Nov 16, 2018
The DARA project (Development in Africa with Radio Astronomy) is led by the University of Leeds School of Physics and Astronomy and supported by Goonhilly Earth Station Ltd. as an industry partner, as well as partners including the South African Radio Astronomy Observatory, the South African National Space Agency and the Universities of Hertfordshire, Manchester, Oxford, Bristol and Central Lancashire. The project aims to develop high tech skills through training in radio astronomy in a number of African countries: Botswana, Ghana, Kenya, Madagascar, Mauritius, Mozambique, Namibia and Zambia. University of Leeds Professor Melvin Hoare spearheaded the program in 2015 with funding from the Newton Fund, which uses the UK’s Overseas Development Assistance budget for scientific collaboration with developing countries. Since its founding, the DARA project has trained 140 students in partner African countries with another 120 set to be trained in coming years.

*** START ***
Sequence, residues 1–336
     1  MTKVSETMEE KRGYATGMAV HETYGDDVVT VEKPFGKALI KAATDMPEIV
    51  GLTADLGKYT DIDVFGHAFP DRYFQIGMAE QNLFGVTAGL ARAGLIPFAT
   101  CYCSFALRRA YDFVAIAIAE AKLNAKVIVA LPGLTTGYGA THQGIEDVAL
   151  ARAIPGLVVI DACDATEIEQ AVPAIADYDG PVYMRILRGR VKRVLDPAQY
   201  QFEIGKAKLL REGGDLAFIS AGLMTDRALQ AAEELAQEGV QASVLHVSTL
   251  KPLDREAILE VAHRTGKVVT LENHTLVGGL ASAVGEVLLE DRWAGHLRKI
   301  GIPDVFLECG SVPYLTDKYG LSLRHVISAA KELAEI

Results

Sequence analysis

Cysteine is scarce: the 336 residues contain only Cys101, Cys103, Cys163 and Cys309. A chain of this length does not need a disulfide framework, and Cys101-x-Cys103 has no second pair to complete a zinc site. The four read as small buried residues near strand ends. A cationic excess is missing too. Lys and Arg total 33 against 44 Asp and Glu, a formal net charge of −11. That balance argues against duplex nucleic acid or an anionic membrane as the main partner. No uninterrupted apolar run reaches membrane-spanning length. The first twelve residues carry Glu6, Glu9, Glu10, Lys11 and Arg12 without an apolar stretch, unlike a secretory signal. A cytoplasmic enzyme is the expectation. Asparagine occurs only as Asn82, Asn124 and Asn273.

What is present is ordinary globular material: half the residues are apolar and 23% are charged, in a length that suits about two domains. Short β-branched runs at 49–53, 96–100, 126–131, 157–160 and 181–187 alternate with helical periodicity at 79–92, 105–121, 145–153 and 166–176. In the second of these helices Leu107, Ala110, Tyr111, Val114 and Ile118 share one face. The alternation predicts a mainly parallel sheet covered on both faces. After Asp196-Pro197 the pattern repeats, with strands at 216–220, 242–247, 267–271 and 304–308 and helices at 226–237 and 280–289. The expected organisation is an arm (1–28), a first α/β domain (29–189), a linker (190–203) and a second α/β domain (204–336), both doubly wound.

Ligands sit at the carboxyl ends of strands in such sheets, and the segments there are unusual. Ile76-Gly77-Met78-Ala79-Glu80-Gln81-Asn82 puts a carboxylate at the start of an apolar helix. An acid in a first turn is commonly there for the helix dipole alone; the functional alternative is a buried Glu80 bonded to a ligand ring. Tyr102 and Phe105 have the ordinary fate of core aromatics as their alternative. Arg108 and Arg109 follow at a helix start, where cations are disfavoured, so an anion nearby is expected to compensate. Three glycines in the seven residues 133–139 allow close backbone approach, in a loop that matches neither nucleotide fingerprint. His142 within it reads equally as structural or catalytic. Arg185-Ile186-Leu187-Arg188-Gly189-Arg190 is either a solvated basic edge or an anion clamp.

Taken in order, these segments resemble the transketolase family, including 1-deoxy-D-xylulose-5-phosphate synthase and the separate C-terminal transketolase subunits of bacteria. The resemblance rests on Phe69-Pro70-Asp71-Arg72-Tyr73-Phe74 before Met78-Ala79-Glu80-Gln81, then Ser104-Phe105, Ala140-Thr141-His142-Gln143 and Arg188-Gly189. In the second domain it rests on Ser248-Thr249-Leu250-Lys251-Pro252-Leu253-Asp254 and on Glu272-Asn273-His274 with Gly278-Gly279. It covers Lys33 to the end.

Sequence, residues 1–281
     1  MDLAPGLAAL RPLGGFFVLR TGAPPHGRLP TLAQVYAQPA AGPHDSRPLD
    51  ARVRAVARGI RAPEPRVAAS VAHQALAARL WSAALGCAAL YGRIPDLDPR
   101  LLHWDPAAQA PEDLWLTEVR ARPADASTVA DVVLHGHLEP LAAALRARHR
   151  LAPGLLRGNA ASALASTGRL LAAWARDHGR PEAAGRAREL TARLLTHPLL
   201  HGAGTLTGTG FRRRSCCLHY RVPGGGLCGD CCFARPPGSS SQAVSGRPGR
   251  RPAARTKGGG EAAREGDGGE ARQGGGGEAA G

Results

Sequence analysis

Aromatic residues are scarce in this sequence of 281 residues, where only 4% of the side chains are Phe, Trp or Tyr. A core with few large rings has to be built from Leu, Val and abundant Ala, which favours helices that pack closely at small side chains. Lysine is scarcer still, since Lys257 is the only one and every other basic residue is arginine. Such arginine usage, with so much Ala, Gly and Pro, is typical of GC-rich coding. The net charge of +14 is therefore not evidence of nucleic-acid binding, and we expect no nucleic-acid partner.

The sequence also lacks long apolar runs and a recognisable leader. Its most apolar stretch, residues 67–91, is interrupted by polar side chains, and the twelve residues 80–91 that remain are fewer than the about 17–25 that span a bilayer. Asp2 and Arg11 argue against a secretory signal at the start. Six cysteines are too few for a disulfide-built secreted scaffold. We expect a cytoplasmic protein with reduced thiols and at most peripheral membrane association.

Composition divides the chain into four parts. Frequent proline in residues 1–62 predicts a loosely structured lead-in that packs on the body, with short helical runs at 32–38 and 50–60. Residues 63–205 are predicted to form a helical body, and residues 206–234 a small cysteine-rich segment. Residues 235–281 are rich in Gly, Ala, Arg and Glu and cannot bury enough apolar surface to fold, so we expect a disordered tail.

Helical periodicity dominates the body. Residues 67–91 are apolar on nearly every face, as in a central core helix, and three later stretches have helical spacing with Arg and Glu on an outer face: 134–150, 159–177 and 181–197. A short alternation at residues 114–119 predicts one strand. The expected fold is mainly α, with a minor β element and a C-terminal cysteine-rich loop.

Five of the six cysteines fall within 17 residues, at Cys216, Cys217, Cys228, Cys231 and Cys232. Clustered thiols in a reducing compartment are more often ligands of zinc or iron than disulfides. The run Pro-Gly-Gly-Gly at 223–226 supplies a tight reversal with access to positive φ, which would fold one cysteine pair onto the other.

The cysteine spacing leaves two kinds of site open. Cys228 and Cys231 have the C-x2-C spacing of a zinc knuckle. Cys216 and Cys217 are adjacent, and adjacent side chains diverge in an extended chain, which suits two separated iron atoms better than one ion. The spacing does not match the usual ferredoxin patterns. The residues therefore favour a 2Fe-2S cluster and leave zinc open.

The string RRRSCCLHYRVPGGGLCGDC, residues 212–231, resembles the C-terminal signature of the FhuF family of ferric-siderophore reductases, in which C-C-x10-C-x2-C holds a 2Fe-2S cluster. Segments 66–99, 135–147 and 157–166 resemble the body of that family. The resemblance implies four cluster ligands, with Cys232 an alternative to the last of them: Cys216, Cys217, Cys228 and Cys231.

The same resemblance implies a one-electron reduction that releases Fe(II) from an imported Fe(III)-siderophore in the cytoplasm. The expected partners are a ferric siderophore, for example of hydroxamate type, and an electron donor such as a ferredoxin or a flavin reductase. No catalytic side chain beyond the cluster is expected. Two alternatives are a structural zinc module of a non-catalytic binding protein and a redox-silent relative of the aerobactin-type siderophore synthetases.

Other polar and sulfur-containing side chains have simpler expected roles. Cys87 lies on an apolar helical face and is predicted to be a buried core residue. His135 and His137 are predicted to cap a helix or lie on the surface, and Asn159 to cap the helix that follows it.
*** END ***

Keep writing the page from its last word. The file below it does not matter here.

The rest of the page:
The DARA project seeks to empower local students to take ownership of their nations’ future rather than providing Western experts to directly drive economic growth. The programme provides four weeks of academic training to ten students each year, covering a variety of subjects including computing, data science, business development and best practices and networking. Entrepreneurs from Goonhilly have joined academics in this teaching programme to provide students with a diverse array of experiences and expertise so that they leave the programme with the practical skills required to start their own business endeavors. For example, one student from Zambia used the knowledge and skills he gained from the DARA training program to start his own consulting firm with other graduates to provide environmental project briefs for large businesses in the region. The DARA project is also providing funding for a dozen African students to go through Masters and PhD programs in the UK, after which they will return to their homelands to put their new skills into use driving commercial growth and hopefully passing on knowledge to the next generation.